It seems to be a tough road for the group of ministers (GoM) on online gaming, casinos and race courses, to arrive at a consensus when it comes to the valuation and tax treatment under the GST ambit.
According to people in the know of the matter, the “GST Council nominated GoM on online gaming, casinos and race courses is stuck in limbo and due to fresh differences among the GoM members on same norms being used for casinos, race courses and online gaming, the group is unable to finalise its report.”
The 47th GST Council, held in Chandigarh last month, had given time till July 15 to the GoM on online gaming, casinos and race courses to iron out the concerns and sticky issues and submit its reworked report.
The GoM last met virtually on July 12, under the chairmanship of Meghalaya CM Conrad Sangma, where, due to differences in opinion, the group could not conclude its report.
"The top difference that the members of the GoM feel and they voiced during the last meeting was as to how and why all the three sectors can be treated at par when they have a different nature of betting and thus it was presented by various members that they require a different valuation calculation mechanism,” sources added.
However, it is understood that the chairman of the GoM is trying to get all the members on board and consider only one valuation mechanism to ensure that compliance and enforcement is easy and acceptable to the industry too.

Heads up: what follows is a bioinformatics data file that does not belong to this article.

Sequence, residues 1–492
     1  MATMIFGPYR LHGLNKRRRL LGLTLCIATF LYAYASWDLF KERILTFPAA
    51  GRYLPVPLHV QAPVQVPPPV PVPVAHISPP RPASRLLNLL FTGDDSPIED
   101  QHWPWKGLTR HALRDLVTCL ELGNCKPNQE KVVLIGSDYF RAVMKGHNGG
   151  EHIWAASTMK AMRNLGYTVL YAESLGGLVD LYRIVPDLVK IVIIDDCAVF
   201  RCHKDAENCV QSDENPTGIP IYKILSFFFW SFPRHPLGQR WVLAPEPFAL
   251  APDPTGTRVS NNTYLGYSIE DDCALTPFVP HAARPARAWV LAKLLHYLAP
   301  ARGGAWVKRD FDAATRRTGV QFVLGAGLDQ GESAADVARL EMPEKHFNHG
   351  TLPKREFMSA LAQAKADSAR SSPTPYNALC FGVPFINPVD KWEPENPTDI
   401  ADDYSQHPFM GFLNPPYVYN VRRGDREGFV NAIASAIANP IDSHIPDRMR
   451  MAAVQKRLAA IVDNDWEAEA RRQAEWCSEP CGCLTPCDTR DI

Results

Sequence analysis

Given such an aim, the GoM has now proposed to meet yet again for further deliberations before re-submitting its report.
“The GoM now plans to conclude discussions and submit its revised report by August 10. But no new date for the next meeting has been decided as yet,” sources said.
The GoM has been deliberating finalising a common valuation mechanism and hiking and bringing the GST rate on online gaming, casinos, race courses and lottery at par at 28 percent.
Meanwhile, experts feel that valuation definitely continues to be a concern but treating all the three sectors — online gaming, casinos, race courses, at the same rate is also a sticky issue for the industry.
Ankur Gupta, Practice Leader (Indirect Tax), SW India, said that while the GoM is still deliberating on levying 28 percent GST on online gaming, the industry is also making an attempt to make tax rate the status quo of 18 percent. "The industry is making representations on the ground that grouping online games with betting/gambling would be a big hit to all market players," he said.
Gupta added that in most countries, the online gaming industry is taxable, more or less, at par with the current taxability of 18 percent, which is why it is a disadvantage for the Indian game companies if the taxability moves to 28 percent. "Now, what has to be seen is the valuation of these services. It should be applied only on margin/platform fee because in case it is applicable on the entire pool value then it would adversely impact the customers as well as they would get less playable value," he said, adding that they were hoping that in the final report submitted by the GoM, all aspects including valuation are addressed.